On January 16, 1777 in the Council Chambers of Tryon Palace, Richard Caswell was sworn in as the first Governor of the state of North Carolina. He served from 1776-1780 and later served as its fifth Governor from 1785-1787.
Richard Caswell was born in Maryland, but moved to North Carolina at the age of 16 arriving in New Bern in 1745 with a letter of recommendation from the governor of his home state. Richard was made apprentice to a surveyor, James Mackilwean, and lived with this family for 2 years at their plantation near Kinston. At the age of 18 his training was completed and he became a deputy surveyor general. In 1752, Richard married Mary Mackilwean, the daughter of James. She died in 1757 due to complications of childbirth and in 1758 Caswell married Sarah Heritage. Her father, William, was a lawyer, planter and political leader and Caswell began studying law under his tutelage while at the same time clerking for the Court of Orange County.
In 1759 Caswell was admitted to the North Carolina Bar and set up his law practice in Hillsborough. He also was commissioned deputy attorney general and served in that capacity for four years. For over twenty years, Richard Caswell was elected to and served as a member of the colonial assembly (1754-1776). Caswell initially was loyal to the King of England and had aligned himself with Royal Governors, William Tryon and Josiah Martin, but his view later changed and he decided that King George’s rule was unjust. He became an active member of the colonial militia and in Sept 1775 was commissioned as Colonel to lead the New Bern District minutemen. He led the Patriot troops at the Battle of Moore’s Creek Bridge on February 2, 1776 and was commissioned a Brigadier General over the New Bern District Brigade.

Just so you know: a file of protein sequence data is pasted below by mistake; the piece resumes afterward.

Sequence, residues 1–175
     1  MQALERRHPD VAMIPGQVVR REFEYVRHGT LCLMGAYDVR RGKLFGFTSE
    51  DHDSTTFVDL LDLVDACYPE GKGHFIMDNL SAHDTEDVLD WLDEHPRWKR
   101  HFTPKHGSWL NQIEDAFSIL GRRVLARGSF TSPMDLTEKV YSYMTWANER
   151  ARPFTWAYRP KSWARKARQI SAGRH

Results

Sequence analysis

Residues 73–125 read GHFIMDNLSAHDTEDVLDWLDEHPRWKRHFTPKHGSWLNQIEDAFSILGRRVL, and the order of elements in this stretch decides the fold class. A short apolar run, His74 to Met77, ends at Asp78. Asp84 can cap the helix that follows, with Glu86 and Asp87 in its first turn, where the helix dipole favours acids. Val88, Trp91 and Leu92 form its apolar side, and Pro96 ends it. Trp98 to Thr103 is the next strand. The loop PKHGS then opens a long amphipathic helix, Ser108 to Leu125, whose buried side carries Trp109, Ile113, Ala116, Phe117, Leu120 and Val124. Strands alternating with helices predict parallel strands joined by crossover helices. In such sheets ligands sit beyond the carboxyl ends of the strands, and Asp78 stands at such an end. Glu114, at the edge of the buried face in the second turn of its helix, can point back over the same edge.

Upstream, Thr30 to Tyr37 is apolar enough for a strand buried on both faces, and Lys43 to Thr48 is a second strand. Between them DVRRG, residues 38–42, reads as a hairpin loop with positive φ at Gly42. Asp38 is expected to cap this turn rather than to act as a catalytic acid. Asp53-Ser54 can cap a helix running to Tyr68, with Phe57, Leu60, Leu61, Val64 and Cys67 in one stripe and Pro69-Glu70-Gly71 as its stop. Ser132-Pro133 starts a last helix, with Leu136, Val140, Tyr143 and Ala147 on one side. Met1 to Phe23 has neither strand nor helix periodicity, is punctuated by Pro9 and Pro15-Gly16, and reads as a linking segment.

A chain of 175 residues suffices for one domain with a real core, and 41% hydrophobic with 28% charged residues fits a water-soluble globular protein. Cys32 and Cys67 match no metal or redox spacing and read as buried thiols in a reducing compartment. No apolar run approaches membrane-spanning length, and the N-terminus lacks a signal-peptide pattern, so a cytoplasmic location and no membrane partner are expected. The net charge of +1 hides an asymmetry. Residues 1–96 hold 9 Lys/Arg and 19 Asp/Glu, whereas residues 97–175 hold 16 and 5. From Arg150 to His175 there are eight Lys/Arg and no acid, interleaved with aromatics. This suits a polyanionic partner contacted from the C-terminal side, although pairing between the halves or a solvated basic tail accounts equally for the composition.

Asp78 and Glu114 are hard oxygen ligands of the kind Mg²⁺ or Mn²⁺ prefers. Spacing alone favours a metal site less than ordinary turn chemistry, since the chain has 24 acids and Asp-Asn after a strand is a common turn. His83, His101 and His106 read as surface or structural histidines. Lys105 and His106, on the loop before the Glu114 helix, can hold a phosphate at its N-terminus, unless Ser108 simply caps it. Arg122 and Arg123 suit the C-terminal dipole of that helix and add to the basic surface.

In 1774 the American colonies called for a Continental Congress. Each province sent delegates to Philadelphia in Sept of 1774 and Richard Caswell was chosen as one of the 3 delegates from North Carolina.
In 1776 Caswell was asked to serve as presiding officer and chair of the committee that drafted the State Constitution. After the adjournment of Congress, Caswell was elected to serve first as interim Governor, and then, after a few months, was elected to serve as the first Governor of the new State of North Carolina under this new Constitution. In 1785 Caswell was again elected to serve as Governor for three one year terms.
In 1787 Caswell was chosen to serve as one of North Carolina’s delegates to the United States Constitutional Convention, but he was unable to attend due to failing health. On November 8, 1789, Richard Caswell suffered a fatal stroke while speaking to the State Senate in Fayetteville and died two days later at the age of 60. Caswell was buried in the cemetery of the Red House plantation, Kinston, next to his first wife. There are no headstones for their graves. It is now the current site of the Richard Caswell Memorial Park. Caswell County and Fort Caswell are also named for him.
Richard Caswell should long be remembered as a statesman, soldier, Governor and patriot.
New Bern Historical Society
http://digital.ncdcr.gov/ui/custom/default/collection/default/resources/custompages/home//images/collection_thumbnails/image_p16062coll24.jpg: “Thought to be Richard Caswell.” Photograph no. 71.10.87. Audiovisual Materials Unit, Photograph Collection, State Archives of North Carolina